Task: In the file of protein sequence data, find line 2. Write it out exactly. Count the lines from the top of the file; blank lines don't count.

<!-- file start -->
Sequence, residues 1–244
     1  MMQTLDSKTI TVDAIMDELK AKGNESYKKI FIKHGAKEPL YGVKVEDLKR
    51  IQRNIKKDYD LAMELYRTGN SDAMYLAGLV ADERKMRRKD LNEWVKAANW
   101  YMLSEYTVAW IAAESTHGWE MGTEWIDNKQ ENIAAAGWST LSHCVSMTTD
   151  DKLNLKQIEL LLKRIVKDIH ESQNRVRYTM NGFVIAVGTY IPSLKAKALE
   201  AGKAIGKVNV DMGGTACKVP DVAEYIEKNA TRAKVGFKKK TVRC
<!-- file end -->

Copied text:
     1  MMQTLDSKTI TVDAIMDELK AKGNESYKKI FIKHGAKEPL YGVKVEDLKR